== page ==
Sutcliffe Jugend - Shame [Hagshadow - 2017]Upping their release schedule exponentially over the past year, Sutcliffe Jugend is back (again) with Shame from Hagshadow. Consisting of five introspective tracks. Kevin Tomkins and Paul Taylor continue to grow Sutcliffe Jugend within the industrial/power electronics framework. Closer in nature to Offal than earlier works, Shame sees SJ stick more toward musical structures than the wailing feedback of power electronics.
Shame continues the current trend of richly produced, really clean Sutcliffe Jugend releases that have graced the scene the past few years. Thick synths pop in the beginning of "Shame" before distinct, somewhat distorted vocals come to the fore. Kevin's rant works well with the low, slowly moving synthesized notes and accentuated, creaking highs. While interesting, new sounds pop in and out on "Shame," the opener doesn't stray too far from its course on the thirteen minute run time. High, plucked strings add a shrillness to the first few minutes of "Sledge." Channeling horror movie scores, this somewhat creepy beginning is compromised by a fairly goofy lyrical approach. Transitioning from Halloween into Jerry Maguire, "Sledge" seems to go off course and crash in a jumble of wonky note patterns and power electronic, lyrical humdrummery. Though, there's an over-the-top, Morrissey vibe to Kevin's delivery at times, so it's not a total loss. "Hurts" recovers the tone of Shame quite nicely, and begins with low oscillations and sweeping waves of gritty static. With the vocals dirtier and further back into the mix, one feels that Sutcliffe Jugend is returning to familiar turf on this track. Noisy swashes break way and free the seething, otherworldly oscillations from their cocoons, leaving the listener stuck aboard a spaceship under an alien attack and heading for disaster. Like the alert sirens that would sound on the aforementioned ship, "Bait" uses a persistent pulse of crunchy synth to rhythmically bring the listener in close before Kevin and his angry vocals grab him by the ears and scream SJ's message into his face. The backing synths are much lighter and add some honest to goodness music into the fray. Head noddingly different, "Bait" shows a new direction for Sutcliffe Jugend, and it's a nice change of pace. "Blood," on the other hand, closes out Shame with a dense, swirling mass of sound that seems to capture everything around it. Like sirens teaming up with a black hole, "Blood" draws the listener in only to bring them to their sonic demise.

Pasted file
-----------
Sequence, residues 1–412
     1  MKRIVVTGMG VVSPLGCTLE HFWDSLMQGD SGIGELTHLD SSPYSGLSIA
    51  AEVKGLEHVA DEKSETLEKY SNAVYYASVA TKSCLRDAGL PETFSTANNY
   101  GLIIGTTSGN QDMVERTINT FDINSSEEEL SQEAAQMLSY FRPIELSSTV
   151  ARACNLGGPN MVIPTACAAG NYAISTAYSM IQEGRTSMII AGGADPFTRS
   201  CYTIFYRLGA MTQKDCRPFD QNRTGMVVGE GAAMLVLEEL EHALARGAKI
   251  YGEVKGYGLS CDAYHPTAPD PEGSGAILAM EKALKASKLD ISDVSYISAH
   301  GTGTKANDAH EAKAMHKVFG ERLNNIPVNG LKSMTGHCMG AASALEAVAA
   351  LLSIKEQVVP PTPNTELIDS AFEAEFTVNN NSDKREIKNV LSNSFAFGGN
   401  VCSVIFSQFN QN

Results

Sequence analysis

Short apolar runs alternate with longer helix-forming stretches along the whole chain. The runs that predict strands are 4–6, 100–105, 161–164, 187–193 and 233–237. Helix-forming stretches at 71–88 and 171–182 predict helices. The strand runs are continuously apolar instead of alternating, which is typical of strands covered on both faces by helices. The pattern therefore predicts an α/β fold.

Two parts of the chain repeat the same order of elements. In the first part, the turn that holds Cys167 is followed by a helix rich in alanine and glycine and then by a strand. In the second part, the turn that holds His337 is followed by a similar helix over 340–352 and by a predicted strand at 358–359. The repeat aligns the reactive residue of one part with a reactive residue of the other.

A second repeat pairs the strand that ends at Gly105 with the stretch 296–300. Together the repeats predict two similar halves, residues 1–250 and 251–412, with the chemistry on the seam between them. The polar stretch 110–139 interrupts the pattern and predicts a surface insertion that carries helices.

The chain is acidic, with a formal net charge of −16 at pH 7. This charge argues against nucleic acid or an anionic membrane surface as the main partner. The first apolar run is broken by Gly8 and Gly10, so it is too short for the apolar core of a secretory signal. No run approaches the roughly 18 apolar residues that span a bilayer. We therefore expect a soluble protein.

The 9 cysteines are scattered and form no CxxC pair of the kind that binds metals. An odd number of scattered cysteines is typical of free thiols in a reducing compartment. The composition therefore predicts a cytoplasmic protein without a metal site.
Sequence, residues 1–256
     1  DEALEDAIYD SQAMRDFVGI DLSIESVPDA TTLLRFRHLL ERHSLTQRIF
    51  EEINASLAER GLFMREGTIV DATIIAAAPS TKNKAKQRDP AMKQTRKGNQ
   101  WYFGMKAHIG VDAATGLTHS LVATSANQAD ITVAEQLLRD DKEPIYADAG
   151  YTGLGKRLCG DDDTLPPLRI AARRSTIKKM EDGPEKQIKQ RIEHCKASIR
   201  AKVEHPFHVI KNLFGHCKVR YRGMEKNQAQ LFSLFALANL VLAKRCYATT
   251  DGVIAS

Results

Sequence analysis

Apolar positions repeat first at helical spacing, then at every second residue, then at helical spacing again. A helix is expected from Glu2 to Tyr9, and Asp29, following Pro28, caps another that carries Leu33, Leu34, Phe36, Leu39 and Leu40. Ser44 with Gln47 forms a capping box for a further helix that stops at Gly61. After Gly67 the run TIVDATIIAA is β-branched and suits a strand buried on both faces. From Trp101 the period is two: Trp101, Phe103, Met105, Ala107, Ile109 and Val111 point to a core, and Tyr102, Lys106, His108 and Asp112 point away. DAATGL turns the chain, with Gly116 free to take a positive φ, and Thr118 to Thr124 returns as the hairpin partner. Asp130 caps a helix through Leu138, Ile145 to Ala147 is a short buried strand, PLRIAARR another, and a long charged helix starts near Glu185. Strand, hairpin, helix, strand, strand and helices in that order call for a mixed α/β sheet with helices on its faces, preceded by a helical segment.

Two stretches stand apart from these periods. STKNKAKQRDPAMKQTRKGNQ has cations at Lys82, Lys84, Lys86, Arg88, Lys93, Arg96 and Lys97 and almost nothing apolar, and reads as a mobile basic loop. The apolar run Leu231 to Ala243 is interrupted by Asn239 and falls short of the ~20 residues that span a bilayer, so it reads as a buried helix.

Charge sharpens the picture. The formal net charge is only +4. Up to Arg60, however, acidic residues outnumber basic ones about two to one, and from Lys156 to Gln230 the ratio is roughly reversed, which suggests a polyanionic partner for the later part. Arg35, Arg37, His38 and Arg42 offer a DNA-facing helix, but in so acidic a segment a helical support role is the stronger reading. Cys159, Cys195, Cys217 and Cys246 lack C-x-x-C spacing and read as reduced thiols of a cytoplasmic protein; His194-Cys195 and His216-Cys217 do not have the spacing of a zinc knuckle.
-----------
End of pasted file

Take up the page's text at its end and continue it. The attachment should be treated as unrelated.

Sutcliffe Jugend has been prolific over the past year or so, and have been working on tweaking their sound a bit on each release. Having been part of the scene for over thirty years, it's great to see Kevin and Paul staying active and doing their best to keep their project fresh. While Shame has some goofy, somewhat clunky moments, overall, it's a solid release that should please most of the industrial community.Paul Casey